Enforcing cloud security with a shortage of expertise can also pressure IT security staff to run a tight, efficient ship. Upfront investments in processes and technology can streamline operations. Organizations can automate security through cloud APIs and other vectors for extending existing security infrastructure. Staff should also rely on crowd-sourced information about high risk services whenever possible. The majority of companies (71.2%) have implemented a formal process for requesting and evaluating new cloud services, reducing IT’s workload and increasing user satisfaction and productivity, according to the CSA survey.

Seizing the Opportunity to Make the Rules

Companies who address the cloud security skill gap head on will see other positive side effects in addition to the intended reduction in risk from cloud use. In efforts to retain talent, companies are going out of their way to keep employees engaged with rotating roles, exposure to new technologies, and educational programs.

Experience with cloud technologies is also desirable for security professionals looking to stay on the cutting edge of the industry. CISOs, for example, are under pressure to align security with business objectives, and the tools in demand are frequently cloud services. Like with any area of emerging technology, many of the best practices of cloud security have yet to be defined and are constantly evolving. Progressive IT security departments have the opportunity to become leaders and innovators in this booming space.

Expect cloud security to rise as a prominent area of investment for IT staff’s professional development and education. And for IT professionals, gaining exposure to cloud security initiatives may be one of the best career moves they can make.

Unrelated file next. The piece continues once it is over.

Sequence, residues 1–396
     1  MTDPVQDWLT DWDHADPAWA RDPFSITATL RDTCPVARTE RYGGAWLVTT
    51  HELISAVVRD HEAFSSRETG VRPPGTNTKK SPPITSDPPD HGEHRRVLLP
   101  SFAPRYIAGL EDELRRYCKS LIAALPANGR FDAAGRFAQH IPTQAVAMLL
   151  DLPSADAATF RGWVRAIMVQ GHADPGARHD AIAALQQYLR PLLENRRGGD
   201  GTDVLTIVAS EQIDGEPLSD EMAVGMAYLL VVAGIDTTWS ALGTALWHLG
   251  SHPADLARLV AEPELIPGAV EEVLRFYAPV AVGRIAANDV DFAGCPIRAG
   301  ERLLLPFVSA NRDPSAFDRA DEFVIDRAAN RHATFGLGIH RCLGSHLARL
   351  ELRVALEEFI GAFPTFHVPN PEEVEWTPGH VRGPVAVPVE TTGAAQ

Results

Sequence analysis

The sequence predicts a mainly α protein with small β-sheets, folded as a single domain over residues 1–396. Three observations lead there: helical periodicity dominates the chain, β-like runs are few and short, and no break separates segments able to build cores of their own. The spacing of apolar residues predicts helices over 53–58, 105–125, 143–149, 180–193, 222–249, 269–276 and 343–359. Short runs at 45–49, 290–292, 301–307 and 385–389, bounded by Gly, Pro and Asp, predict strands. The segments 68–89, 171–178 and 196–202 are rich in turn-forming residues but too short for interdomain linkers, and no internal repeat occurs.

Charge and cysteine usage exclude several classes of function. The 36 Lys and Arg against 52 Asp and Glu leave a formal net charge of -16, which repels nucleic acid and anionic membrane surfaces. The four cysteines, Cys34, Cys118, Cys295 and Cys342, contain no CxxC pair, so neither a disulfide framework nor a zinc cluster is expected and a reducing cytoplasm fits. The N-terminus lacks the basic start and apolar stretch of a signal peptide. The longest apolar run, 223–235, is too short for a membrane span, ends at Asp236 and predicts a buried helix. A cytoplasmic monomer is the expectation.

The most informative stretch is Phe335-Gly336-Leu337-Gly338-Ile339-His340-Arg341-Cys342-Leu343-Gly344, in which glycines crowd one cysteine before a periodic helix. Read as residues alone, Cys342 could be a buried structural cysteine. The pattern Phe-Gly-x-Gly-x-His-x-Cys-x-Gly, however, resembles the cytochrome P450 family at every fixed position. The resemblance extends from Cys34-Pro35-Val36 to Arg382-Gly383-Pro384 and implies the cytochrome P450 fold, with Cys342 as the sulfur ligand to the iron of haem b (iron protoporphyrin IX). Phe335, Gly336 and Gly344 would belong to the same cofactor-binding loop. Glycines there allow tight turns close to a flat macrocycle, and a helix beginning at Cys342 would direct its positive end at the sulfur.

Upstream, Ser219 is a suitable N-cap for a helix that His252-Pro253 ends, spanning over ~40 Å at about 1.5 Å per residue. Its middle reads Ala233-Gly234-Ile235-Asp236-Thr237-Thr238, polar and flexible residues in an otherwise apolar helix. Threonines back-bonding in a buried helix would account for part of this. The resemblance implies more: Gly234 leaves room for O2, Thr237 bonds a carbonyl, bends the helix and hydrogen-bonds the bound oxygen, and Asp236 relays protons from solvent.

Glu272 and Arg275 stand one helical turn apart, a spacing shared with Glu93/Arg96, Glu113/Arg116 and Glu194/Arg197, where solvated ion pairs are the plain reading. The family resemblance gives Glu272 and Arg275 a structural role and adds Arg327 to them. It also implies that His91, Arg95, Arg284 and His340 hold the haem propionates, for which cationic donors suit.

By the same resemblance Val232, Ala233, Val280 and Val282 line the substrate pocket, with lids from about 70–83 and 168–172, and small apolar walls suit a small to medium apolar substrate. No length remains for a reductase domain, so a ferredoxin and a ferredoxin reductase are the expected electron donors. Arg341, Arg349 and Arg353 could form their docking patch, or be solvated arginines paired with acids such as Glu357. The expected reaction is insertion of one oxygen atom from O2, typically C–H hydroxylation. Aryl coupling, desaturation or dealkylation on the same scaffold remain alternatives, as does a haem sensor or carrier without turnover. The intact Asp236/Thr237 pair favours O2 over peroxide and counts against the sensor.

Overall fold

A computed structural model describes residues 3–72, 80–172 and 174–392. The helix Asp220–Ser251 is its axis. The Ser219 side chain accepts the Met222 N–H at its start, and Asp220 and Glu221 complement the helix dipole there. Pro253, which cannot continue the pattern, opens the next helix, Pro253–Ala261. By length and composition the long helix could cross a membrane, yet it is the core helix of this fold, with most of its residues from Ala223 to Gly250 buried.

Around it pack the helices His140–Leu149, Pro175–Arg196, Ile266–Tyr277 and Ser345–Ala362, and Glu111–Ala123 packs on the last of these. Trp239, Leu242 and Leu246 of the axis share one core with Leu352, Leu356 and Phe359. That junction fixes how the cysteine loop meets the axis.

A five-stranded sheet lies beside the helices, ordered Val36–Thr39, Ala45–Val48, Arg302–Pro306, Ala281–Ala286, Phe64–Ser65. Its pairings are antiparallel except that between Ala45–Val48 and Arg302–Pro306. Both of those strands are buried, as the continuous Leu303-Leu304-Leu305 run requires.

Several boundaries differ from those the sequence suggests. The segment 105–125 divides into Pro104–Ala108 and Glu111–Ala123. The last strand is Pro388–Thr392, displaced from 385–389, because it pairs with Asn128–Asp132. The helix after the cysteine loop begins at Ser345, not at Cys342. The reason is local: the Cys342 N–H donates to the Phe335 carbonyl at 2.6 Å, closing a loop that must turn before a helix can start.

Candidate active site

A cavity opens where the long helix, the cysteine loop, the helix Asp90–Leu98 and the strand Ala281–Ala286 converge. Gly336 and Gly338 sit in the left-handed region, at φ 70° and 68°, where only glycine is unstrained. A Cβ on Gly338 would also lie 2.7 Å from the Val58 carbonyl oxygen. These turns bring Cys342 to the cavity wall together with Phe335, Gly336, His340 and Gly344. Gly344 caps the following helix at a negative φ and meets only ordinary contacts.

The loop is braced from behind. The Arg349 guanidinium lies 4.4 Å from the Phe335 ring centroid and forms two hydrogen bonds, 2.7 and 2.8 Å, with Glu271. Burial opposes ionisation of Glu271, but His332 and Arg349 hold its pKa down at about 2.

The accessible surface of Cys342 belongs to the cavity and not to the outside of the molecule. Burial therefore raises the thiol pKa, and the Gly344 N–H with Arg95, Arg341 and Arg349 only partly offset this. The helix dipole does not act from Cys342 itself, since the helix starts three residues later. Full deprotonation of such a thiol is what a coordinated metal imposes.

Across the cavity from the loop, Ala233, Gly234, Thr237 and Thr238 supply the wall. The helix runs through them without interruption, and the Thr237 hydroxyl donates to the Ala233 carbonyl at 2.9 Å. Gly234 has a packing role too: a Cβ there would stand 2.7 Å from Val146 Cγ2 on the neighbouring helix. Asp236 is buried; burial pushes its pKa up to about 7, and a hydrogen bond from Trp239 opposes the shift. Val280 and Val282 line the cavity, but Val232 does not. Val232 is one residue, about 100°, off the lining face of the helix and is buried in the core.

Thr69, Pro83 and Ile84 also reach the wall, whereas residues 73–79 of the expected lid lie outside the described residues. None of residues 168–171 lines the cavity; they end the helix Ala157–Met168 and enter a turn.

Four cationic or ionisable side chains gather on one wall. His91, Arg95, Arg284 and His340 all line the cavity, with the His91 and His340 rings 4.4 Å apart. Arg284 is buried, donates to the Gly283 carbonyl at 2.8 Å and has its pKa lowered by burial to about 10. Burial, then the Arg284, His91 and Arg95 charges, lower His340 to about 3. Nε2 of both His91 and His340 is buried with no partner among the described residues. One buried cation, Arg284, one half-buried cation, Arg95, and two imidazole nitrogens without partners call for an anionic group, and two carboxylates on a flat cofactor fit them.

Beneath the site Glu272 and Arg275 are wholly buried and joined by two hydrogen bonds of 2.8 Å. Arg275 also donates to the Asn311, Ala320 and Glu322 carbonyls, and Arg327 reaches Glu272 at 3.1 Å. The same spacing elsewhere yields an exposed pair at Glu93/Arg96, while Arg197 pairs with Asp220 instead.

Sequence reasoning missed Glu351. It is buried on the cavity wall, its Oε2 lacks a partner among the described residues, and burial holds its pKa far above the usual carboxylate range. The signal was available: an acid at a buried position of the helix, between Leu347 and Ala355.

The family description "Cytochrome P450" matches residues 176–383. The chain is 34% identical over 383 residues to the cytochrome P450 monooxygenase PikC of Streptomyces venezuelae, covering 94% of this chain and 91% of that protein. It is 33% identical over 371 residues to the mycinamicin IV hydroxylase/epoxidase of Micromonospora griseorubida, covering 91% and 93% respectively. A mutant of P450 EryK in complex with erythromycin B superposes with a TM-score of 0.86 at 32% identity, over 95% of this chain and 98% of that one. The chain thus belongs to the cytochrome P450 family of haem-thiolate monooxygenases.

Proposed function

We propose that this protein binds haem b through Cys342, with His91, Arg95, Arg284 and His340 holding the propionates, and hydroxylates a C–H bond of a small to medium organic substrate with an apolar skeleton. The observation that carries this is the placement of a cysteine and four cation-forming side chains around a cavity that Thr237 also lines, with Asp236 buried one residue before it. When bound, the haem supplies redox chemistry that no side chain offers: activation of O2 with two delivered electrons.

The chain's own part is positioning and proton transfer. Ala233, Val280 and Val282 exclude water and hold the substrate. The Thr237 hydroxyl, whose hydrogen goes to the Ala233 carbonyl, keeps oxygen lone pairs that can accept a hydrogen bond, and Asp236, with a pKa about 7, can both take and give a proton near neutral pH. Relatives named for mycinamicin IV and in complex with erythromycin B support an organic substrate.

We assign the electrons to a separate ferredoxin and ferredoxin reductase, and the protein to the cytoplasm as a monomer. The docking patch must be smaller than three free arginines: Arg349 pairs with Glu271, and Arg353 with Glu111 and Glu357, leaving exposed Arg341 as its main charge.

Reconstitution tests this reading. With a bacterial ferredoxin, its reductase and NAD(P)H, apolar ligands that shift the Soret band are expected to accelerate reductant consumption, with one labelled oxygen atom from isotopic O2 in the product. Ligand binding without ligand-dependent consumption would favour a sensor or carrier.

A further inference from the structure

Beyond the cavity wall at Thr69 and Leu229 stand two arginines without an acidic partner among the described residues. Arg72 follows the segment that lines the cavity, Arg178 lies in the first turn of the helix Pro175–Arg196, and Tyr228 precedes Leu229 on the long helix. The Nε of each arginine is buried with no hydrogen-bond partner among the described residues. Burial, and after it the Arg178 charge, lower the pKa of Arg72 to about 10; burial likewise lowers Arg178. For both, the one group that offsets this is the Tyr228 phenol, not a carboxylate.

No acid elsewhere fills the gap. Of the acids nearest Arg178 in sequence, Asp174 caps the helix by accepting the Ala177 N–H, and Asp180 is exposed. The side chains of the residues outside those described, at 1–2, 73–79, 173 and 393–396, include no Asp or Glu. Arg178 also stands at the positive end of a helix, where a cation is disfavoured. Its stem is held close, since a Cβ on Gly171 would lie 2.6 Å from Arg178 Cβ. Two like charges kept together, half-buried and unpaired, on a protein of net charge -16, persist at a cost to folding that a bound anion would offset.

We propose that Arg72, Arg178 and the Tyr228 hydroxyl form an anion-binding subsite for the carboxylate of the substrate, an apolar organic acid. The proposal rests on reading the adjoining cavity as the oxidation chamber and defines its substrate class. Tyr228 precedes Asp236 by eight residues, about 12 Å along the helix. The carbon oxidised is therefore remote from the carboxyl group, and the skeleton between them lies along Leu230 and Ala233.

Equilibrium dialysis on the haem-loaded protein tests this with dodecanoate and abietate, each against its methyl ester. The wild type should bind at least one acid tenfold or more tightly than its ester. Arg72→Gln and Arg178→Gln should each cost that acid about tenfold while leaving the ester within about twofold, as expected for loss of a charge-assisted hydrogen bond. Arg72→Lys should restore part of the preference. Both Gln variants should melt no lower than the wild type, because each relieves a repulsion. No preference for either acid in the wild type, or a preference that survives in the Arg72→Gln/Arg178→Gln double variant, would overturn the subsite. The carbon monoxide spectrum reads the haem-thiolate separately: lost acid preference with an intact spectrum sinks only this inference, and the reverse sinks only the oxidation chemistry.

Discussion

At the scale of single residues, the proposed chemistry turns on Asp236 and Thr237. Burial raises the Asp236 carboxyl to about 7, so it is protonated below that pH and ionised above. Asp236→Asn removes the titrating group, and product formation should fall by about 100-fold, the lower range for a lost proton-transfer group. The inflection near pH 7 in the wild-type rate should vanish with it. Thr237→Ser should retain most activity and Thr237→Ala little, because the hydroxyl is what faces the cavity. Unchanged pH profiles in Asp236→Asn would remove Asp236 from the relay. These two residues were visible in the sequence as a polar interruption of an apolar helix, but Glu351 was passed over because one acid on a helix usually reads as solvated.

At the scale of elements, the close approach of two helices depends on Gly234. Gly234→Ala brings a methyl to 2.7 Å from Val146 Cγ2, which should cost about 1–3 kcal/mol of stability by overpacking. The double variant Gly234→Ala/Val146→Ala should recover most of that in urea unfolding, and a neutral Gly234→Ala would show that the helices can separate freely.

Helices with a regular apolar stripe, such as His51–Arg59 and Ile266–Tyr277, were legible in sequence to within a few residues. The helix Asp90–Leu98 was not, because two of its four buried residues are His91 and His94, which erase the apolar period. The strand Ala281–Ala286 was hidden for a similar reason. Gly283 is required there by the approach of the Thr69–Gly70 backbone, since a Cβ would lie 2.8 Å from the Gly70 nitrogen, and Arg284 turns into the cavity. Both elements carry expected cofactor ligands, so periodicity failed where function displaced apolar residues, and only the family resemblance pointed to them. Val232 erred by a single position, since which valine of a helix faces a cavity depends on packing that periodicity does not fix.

Related topics:

Kaushik Narayan is a Co-Founder and CTO at Skyhigh Networks, a cloud security company, where he is responsible for Skyhigh's technology vision and software architecture. He brings over 18 years of experience driving technology and architecture strategy for enterprise-class ... View Full Bio
 

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RetiredUser
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1/29/2016 | 7:48:34 PM
Cloud Security Trending in Trainings
I think a good indication that this is true is the level of cloud security training and education that is starting to appear.  In particular, the course content for Black Hat 2015 and 2016 is phenomenal.  As the number of exploits grow for popular cloud infrastructures, employers will be looking for security engineers who not only have the core cloud infrastructure knowledge in hand, but cutting edge and unique approaches to addressing these exploits for good.

Cloud has been fun and engaging since day 1 at the technical level, but now it is time to get serious at the security level, whatever your role in cloud engineering, and possibly be one of those engineers who meet this growing security need.  Time to formulate a 5-year plan!